Whether you are new to directorship or a seasoned director looking to give back, serving on an advisory board can be a rewarding experience. In final part of our special feature series, ICD presents perspectives from directors and experts on whether a transition to a fiduciary board is the right step for every organization.
Serving on an advisory board can be a delicate balancing act. On the one hand, you are there to ensure the company’s success through advice and expertise; on the other, you have to be empathetic to the entrepreneur’s (and their family’s) personal investment in the company.
So you’ve decided that yes, you have what it takes to serve on an advisory board. Where do you go from here?
There’s a reason board candidacy is a highly competitive market: Board work is both attractive and lucrative, at any stage of your career.
Whether you are new to directorship or a seasoned director looking to give back, serving on an advisory board can be a rewarding experience. In this special feature, Directors onBoard, presents perspectives from directors and experts on the first step to starting your advisory board career and what to expect.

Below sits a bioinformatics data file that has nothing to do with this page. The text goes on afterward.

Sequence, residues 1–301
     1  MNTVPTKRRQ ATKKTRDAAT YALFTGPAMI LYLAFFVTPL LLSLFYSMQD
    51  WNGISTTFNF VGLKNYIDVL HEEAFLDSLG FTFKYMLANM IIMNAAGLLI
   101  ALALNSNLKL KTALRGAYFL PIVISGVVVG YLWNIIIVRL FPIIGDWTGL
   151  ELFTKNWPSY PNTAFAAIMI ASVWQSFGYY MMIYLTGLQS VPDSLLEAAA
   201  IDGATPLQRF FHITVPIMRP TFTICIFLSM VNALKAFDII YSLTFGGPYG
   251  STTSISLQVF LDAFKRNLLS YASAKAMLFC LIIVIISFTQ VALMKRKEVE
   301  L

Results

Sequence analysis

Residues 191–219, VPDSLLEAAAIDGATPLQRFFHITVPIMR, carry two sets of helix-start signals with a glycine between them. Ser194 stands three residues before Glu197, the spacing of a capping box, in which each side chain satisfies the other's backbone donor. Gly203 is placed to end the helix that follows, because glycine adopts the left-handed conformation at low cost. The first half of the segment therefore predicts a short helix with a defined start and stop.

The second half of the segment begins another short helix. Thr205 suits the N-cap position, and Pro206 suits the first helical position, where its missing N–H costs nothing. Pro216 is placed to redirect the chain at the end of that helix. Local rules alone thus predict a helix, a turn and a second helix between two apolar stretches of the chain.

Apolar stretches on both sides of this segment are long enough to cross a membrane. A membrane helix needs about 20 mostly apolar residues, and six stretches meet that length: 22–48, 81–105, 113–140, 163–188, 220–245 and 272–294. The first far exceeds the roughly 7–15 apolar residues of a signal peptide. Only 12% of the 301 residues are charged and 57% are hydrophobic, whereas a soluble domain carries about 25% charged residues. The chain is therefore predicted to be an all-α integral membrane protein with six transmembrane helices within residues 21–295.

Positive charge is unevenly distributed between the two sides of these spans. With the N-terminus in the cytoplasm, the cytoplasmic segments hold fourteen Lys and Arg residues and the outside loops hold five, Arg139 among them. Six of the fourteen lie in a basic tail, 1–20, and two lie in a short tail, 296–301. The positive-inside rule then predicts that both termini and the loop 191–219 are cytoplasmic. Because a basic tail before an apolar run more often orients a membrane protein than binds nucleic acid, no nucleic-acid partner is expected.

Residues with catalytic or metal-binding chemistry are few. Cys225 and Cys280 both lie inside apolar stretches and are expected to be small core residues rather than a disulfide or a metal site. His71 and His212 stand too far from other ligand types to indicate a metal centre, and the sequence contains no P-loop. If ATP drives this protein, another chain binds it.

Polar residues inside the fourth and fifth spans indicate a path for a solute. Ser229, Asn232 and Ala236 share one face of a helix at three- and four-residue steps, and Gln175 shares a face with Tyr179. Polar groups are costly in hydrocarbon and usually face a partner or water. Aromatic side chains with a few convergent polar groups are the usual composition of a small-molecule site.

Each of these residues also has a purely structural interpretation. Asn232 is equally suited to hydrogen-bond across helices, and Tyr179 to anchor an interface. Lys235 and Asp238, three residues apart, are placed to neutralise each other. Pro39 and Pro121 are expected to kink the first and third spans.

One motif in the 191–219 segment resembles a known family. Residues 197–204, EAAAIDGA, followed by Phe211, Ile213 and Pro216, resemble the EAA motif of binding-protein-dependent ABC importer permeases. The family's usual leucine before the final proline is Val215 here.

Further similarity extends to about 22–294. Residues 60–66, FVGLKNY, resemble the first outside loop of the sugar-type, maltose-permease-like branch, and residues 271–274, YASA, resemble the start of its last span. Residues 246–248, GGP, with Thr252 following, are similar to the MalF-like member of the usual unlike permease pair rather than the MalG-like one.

Boardrooms have long been the domain of executives in their 50s, 60s - and even 70s, now that more boards are loosening mandatory retirement limits.
The profession of director has never stirred as much interest as it has now, despite the growing complexity of the role, the increased weight of responsibilities and the greater time commitment required.
Accepting an invitation to serve on a board is an exceedingly important decision, and one for which potential directors are often woefully unprepared. This article looks at the importance of conducting in-depth due diligence before accepting a board seat.
For directors to be effective in the boardroom, it is important that they recognize and play on their individual strengths in addition to drawing out the strengths of others.
Board composition is the subject of much debate throughout the world, while the role of the nonexecutive or independent director is becoming more onerous.